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States Rights Gist
[[Image:200px|center|200px|border]]States Rights Gist
photo taken between 1862 and 1864
Personal Information
Born: September 3, 1831(1831-09-03)
Place of Birth: {{{place of birth}}}
Died: November 30, 1864 (aged 33)
Place of Death: {{{place of death}}}
Birth Name: {{{birth name}}}
Other Information
Allegiance: United States of America
Confederate States of America
Participation(s): {{{participations}}}
Branch: Confederate Army
Service Years: {{{service years}}}
Rank: Brigadier General (S.C. Militia)
Brigadier General (CSA)
Service number : {{{servicenumber}}}
Unit: {{{unit}}}
Battles: American Civil War
Relations: {{{relations}}}
Other work: {{{otherwork}}}

States Rights Gist (September 3, 1831 — November 30, 1864) was a lawyer, a militia general in South Carolina, and a Confederate Army general who served during the American Civil War. A relative of several prominent South Carolinians, Gist rose to fame later during the war but was killed during the Franklin-Nashville Campaign in November 1864.

Personal life[]

Gist was born in Union, South Carolina, to Nathaniel Gist and Elizabeth Lewis McDaniel[1] and was distantly related to Mordecai Gist, a general in the Continental Army during the American Revolution. He graduated from South Carolina College and attended Harvard Law School for a year without graduating, before moving home to Union to practice law. In 1863, Gist married Jane Margaret Adams, whose father was James Hopkins Adams, governor of South Carolina from 1854 until 1856.[2] In 1858, Gist's cousin William Henry Gist became governor.[3] Both were active in the secession movement.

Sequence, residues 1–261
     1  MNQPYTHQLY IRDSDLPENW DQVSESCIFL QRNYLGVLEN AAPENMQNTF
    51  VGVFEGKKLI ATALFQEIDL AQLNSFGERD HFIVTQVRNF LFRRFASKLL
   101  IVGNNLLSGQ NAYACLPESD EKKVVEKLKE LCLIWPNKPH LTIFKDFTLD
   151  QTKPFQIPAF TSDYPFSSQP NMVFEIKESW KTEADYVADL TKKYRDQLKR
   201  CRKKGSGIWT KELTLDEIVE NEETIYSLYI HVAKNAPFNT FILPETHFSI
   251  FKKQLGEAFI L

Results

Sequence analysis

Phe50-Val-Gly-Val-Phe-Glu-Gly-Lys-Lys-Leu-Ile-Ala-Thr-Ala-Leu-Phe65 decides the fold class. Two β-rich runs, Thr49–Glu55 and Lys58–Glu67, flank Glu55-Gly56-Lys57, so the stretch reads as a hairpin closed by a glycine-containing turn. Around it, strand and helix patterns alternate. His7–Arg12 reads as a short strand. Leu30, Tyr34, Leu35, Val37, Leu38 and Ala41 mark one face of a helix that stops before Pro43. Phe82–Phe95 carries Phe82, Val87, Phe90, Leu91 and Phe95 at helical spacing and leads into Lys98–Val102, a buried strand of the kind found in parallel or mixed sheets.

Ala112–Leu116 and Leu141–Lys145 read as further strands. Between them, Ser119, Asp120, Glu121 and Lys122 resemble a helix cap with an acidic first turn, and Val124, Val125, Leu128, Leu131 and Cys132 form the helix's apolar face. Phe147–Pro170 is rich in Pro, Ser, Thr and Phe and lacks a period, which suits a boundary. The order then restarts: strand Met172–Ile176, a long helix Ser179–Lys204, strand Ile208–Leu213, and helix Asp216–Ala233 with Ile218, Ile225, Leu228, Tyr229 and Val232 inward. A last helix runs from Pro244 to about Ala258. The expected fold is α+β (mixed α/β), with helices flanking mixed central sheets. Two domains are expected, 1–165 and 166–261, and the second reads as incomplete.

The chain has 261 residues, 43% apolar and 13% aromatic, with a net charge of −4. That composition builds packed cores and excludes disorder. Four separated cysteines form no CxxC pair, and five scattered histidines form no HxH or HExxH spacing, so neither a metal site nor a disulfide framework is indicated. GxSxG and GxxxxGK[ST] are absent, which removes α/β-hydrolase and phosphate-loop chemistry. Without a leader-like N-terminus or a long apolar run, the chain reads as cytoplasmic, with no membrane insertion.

Militia and Civil War service[]

In the late 1850s, Gist became involved in the state militia, and by April 1856 he was a brigadier general in the South Carolina Militia. One of his many roles was to train fellow militia members for war. When South Carolina seceded from the Union, he worked as state adjutant and inspector general. While in this role he acquired weaponry and mobilized manpower throughout the state. Also in this capacity, he rendered valuable service in the preparation for the occupation of the Charleston, South Carolina harbor and the reduction of Fort Sumter. In early 1861, Gist was assigned to the Army of the Potomac and was an aide to another South Carolina general, Brig. Gen. Barnard Bee, at the First Battle of Manassas.[4]

On March 20, 1862, Gist was appointed a brigadier general in the Confederate Army.[5] Gist then went to back to assist in the coastal defense of South Carolina under the command of Maj. Gen. John C. Pemberton. When Pemberton's forces went to Vicksburg, Mississippi, Gist accompanied Gen. Joseph E. Johnston on his journey to Vicksburg.

The Vicksburg Campaign was not a success for Johnston, and Gist was reassigned to the Army of Tennessee, where he commanded units during the battles of Chickamauga, Chattanooga, and Atlanta in 1863 and 1864. It was after the Battle of Atlanta that Gist commanded a brigade under Maj. Gen. John C. Brown during Lt. Gen. John Bell Hood's Franklin-Nashville Campaign. Also at Atlanta Gist was wounded in a hand on July 22, 1864.[5]


Gist was shot in the chest while leading his brigade in a charge against Federal fortifications at the Battle of Franklin in November 1864. He died of his wounds soon after at a field hospital in Franklin, Tennessee.[5] He was one of twelve Confederate generals lost that day, six of them killed in action.[6]

He is buried in the Trinity Episcopal churchyard in downtown Columbia, South Carolina.[7]

See also[]


  • Eicher, John H., and Eicher, David J., Civil War High Commands, Stanford University Press, 2001, ISBN 0-8047-3641-3.
  • Cisco, Walter Brian, States Rights Gist: A South Carolina General of the Civil War. Shippensburg, PA, White Mane Pub. Co. 1991, ISBN 0-942597-28-1.


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